By Donna Campbell Smith
Raised in New York City and King’s Park, New York, local fiction writer RJ McCarthy has lived in the South more than half his life. He received his Ph.D. from the University of South Carolina in 1972 and worked as a Clinical Psychologist before retiring in 2006 to devote himself to writing full-time.
McCarthy is author of three published books. Quarry Steps Up and Quarry Steps In are two books in the crime fiction series Tony Quarry Carolina Mystery. In these novels the main character, Tony Quarry, an ordinary man, is called to contend with extraordinary events. As violence stalks him, Quarry is guided by his self-defense ability (karate) and his moral compass. It is the latter that ultimately lifts him to do the right thing.
A third book departs from the series as a historical fiction novel, WILHELMINA: An Imagined Memoir. Interviewing historians and family members McCarthy tells Wilhelmina’s story in her own voice, filing in the blanks with the poetic license of a writer. Wilhelmina Johnson Hamlin died in 1930, shortly after the birth of her sixth child. She was only twenty-six years old. McCarthy writes that in her “ordinariness” she was an extraordinary human being. A woman of color, living at a tenuous, often harsh, time for African-Americans, she created a legacy of love in her brief life.
When asked at a recent book signing about his writing process McCarthy explains it all begins with an idea. “I’d like to believe I’m alert to story ideas as life floats them by me. An idea might appear in an article I’m reading, an expression I overhear, a quotation, a single word. It might pop out from the news, a television program, or a story I’m reading. Often, it emerges while I’m driving. So often, creative ideas and problem solutions occur while I’m immersed in a repetitive task. Another rich source for me is the unbidden memory. Crucial, the moment the idea arrives, I need to write it down ASAP. If not, it’ll disappear. Once written, it goes into a file labeled story ideas.”
He goes on to say, “An as yet unpublished novel I’ve written (a tale of revenge set on an Indian reservation) was triggered by an article I read in Harper’s Magazine several years ago concerning violence toward tribal women.
“Once focused, I develop my version of a story board. I begin by making notes about the projected story. The idea for a novel may result in many pages of notes. As I do this, the outline and possible story arc materialize, indistinct perhaps, but there. Some characters are immediately obvious, some will only occur once the story has begun. For the obvious, I set about creating names. I’ll review a book I’ve developed with prospective names, both sur and given.
“This is a period in which preparation is also infused with research, especially regional dialogue. For my Quarry crime series, set in rural North Carolina, I’ve tried to listen to conversations whenever possible – friends, acquaintances, overheard asides, my barbershop. If I hear something that perks my ears, I write it ASAP. For the novel set on the Indian reservation, I called the Standing Rock Reservation in the Dakotas to check on policing procedures. I spoke with the tribal district attorney who was cordially helpful.”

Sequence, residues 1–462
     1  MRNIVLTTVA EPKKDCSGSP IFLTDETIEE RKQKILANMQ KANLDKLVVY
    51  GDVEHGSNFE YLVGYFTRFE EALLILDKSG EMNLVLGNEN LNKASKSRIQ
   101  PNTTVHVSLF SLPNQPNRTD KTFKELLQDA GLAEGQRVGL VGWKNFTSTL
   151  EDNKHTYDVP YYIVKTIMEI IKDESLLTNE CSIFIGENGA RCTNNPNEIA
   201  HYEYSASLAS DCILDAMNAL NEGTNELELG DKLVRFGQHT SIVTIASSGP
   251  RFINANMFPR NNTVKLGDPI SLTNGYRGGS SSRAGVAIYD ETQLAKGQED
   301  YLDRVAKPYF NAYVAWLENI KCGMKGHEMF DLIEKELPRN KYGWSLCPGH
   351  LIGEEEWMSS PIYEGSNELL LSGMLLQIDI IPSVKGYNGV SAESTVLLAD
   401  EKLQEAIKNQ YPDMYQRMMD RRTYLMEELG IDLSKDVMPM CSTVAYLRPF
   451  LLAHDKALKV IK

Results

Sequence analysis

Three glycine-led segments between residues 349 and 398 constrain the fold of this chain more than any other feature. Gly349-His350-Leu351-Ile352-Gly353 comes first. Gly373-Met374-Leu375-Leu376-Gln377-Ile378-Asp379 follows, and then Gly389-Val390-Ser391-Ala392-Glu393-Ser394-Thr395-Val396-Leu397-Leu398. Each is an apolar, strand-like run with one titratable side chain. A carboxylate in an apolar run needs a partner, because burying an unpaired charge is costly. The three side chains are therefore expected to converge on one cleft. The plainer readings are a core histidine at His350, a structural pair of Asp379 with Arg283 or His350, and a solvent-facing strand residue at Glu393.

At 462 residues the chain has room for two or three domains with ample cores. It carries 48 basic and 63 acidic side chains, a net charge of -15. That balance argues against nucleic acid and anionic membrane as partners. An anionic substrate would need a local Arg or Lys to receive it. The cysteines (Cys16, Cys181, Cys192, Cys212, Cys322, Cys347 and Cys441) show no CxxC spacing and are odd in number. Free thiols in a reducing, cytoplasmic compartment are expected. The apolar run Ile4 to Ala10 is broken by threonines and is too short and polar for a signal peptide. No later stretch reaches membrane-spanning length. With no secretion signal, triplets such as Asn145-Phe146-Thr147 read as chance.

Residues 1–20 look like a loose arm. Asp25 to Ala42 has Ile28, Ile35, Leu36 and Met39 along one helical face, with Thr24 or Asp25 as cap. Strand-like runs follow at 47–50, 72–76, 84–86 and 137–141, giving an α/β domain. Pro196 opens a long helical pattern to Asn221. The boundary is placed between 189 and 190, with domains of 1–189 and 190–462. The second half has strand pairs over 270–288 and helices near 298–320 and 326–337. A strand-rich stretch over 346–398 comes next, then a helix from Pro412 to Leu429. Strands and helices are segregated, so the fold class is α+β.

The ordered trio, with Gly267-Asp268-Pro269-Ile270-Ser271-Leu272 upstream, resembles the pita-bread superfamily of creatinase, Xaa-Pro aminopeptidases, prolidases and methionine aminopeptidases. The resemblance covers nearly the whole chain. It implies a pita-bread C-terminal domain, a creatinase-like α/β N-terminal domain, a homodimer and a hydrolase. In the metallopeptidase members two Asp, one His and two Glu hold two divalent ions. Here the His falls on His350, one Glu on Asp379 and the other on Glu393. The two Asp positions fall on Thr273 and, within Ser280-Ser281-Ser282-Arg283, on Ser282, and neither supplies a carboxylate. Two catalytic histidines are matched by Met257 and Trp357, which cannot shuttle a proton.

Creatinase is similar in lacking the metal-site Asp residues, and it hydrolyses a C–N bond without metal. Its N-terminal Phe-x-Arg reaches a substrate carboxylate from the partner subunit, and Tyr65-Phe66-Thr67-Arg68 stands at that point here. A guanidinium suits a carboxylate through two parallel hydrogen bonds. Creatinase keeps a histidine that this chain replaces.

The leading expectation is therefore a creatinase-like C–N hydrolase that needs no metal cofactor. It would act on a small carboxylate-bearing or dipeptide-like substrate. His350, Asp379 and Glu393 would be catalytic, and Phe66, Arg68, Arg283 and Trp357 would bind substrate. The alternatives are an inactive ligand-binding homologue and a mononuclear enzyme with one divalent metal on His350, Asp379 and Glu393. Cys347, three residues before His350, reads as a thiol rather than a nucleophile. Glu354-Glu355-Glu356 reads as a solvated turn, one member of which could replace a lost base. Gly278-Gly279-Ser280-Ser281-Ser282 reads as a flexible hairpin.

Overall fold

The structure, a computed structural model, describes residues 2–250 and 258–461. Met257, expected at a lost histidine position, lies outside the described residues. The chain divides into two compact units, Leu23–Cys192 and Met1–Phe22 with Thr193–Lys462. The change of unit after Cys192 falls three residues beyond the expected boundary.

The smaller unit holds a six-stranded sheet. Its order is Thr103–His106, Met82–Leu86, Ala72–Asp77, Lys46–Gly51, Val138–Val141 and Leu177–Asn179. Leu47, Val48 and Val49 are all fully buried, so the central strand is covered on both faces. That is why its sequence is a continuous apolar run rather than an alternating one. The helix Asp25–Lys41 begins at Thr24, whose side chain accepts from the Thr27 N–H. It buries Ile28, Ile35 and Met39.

RJ (Bob) McCarthy has won several awards for his short stories, including first place in the 2011 Virginia Writers Club Spring Shorts – “Smile a Mighty Jesus” and in1992 he was awarded first place in the Christopher Newport University Writers Conference contest with his story, “Huff and the Magic Bag.” He also won the 2015 FCAC Writers’ Guild Carolina Prize with his story, “Do You Love Me?”
McCarthy is a member of the Virginia Writer’s Group, the North Carolina Writer’s Network, and both the Franklin County and Vance County Arts Councils. He’s been writing fiction for forty years and he says he has a binder full of rejections to prove it. In addition to the book set on the Indian reservation he also has a third Tony Quarry book in the works.
Married and the father of two adult children, he and his wife, Susan, reside with their two dogs and three cats in Henderson, North Carolina. McCarthy’s books are available at Amazon and Barnes and Noble online and locally at Mainstreet Marketplace in Henderson, UpFront Gallery in Franklinton, and Page 156 in Wake Forest. Visit the author’s website.
Donna Campbell Smith has been writing for over thirty years and is author of ten books. She is also published in many magazines including Carolina Country, Grit Gazette, Back Home, Our State, The Horse, Mules and More, Boys Life, and Young Rider. She is a member of Franklin County Arts Council. Visit her website at www.donnacampbellsmith.com.